After you visit a dealership, sit down with your finances and plan ahead.  Determine how much the monthly payment of the vehicle, the car insurance, gas and maintenance will amount to monthly.  Far too often, consumers will purchase a vehicle and discover they have sticker shock well after the ability to return the car.  Not paying timely can result in declined credit ranking and repossession with a judgment lien from the bank.

Avoid rushing into such an important decision.  Outside of home buying, car buying is the next highest purchase in your life.  Make it count by understanding the financial burden it brings.  This includes vehicles you may even pay 100 percent cash for.  That doesn’t cover the insurance requirements per state, or the maintenance and fuel.  Responsible choices now will prevent financial troubles later.

Jesse Fin

Jesse worked as a journalist for a large tv station in Korea in her past life. She now works full time at home as a blogger and loves to help her friends manage their personal budgets.

Click Here to Leave a Comment Below 18 comments
Grayson @ Debt Roundup - July 23, 2013

I financed my new car because I could get a loan near 1% and keep my cash in money making investments. I think it was the best move.

    Arnel Ariate - July 23, 2013

    Hi, Grayson. I think it’s a very good move, provided the money making investments make more than the money needed to pay for the car loan interest. Very nice. 🙂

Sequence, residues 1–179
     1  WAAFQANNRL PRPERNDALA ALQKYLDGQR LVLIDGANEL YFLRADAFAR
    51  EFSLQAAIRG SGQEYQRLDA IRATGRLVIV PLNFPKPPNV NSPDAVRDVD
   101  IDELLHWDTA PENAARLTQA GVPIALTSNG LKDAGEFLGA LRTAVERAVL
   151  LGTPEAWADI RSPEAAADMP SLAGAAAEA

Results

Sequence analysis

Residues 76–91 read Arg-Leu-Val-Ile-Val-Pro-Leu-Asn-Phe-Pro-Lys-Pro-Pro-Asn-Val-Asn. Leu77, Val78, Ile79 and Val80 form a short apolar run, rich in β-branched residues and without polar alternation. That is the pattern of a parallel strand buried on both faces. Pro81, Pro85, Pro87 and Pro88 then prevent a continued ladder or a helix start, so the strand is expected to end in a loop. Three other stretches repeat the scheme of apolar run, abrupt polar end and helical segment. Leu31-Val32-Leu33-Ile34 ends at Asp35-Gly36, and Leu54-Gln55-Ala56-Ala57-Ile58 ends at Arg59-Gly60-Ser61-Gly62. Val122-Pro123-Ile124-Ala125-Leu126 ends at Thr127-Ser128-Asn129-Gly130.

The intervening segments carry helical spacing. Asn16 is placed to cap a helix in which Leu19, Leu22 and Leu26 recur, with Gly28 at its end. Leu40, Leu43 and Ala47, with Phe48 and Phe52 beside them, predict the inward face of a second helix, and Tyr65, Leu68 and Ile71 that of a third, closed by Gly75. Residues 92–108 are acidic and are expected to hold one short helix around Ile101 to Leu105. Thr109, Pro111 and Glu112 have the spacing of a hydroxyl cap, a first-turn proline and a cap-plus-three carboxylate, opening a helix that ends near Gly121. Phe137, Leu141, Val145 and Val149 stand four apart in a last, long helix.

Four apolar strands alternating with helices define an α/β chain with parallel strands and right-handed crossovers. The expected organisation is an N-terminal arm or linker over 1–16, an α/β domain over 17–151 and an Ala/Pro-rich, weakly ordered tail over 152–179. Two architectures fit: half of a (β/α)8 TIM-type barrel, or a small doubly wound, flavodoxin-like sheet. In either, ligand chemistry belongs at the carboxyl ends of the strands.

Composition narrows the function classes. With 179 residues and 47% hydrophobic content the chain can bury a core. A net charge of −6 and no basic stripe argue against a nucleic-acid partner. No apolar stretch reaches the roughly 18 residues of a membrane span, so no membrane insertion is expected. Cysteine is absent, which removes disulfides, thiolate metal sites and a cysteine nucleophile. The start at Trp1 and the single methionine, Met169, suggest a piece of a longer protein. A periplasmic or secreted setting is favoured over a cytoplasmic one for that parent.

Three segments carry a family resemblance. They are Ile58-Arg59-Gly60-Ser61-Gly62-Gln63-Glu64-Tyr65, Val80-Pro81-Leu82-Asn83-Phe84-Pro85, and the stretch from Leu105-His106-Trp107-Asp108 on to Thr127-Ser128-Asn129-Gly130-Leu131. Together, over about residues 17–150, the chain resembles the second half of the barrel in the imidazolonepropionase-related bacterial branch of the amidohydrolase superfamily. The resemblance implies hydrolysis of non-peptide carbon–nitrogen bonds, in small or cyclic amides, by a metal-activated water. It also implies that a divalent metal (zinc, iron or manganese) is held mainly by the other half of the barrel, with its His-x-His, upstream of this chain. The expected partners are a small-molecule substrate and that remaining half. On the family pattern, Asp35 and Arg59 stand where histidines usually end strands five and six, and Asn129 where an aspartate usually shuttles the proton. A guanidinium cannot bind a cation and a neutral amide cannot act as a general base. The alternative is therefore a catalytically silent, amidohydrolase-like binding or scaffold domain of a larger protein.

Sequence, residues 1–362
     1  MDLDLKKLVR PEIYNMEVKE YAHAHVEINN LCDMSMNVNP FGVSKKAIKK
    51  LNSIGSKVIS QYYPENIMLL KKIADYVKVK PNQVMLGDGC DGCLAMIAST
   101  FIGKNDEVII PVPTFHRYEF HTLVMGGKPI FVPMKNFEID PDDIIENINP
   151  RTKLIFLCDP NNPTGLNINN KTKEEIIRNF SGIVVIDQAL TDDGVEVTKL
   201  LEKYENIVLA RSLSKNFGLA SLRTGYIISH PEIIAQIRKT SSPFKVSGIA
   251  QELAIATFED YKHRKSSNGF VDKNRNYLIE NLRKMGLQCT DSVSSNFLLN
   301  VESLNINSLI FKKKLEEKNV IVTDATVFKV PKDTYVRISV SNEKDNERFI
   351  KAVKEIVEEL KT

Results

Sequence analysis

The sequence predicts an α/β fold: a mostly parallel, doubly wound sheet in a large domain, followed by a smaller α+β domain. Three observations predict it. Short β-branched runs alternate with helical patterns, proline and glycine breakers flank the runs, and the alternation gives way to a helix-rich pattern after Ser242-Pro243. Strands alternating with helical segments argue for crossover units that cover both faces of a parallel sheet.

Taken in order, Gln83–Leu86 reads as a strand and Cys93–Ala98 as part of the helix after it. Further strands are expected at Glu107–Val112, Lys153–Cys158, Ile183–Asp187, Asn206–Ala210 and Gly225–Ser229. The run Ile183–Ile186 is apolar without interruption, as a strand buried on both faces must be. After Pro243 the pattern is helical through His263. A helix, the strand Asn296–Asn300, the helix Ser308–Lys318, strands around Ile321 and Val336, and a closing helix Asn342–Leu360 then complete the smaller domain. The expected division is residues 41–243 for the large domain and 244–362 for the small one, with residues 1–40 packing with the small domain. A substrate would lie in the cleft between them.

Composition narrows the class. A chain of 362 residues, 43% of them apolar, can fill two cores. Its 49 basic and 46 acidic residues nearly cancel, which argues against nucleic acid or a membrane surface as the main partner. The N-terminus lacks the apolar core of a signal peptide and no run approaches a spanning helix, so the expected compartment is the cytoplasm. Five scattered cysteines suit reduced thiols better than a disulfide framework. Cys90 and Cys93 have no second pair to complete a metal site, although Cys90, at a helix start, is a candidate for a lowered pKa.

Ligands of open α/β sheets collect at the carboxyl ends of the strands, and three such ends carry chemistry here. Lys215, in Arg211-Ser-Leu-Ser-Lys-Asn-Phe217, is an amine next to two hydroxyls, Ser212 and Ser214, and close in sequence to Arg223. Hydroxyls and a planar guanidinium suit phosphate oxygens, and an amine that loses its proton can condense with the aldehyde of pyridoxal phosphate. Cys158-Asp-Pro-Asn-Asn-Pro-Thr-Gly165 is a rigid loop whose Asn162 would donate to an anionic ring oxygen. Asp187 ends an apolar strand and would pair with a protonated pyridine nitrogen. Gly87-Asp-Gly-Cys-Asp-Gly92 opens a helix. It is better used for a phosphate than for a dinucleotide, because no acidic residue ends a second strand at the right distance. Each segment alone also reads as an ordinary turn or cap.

Greg - July 24, 2013

Interesting in the last paragraph how car buying is second to home buying which is correct however vehicles diminish in value so it would be like comparing apples to oranges, i.e. it is not an investment, however you can find great deals on vehicle by going to an auction.

    Arnel Ariate - July 26, 2013

    Hi, Greg. That’s a good point about a car not being an investment unlike a house. But having a car is just too cool and convenient. I guess if you really want to buy a car you ought to do your homework to ensure you get the best bang for your buck. 🙂

Bryce - July 26, 2013

We bought a new car late last year after my wife informed me that she was scared to drive her 1996 Corolla. We had half the cost of the car in cash already (dividend payments that I hadn’t invested yet) and I got the rest by selling some of a muni-bond fund. She went out and bought the new car within a week. I normally would not get a new car, but she wanted a Prius hybrid, and I did not want to get a used hybrid that might need a replacement battery soon. We replaced the muni bond money shortly after several months of heightened saving (now I wish I hadn’t bought the munis, but oh well).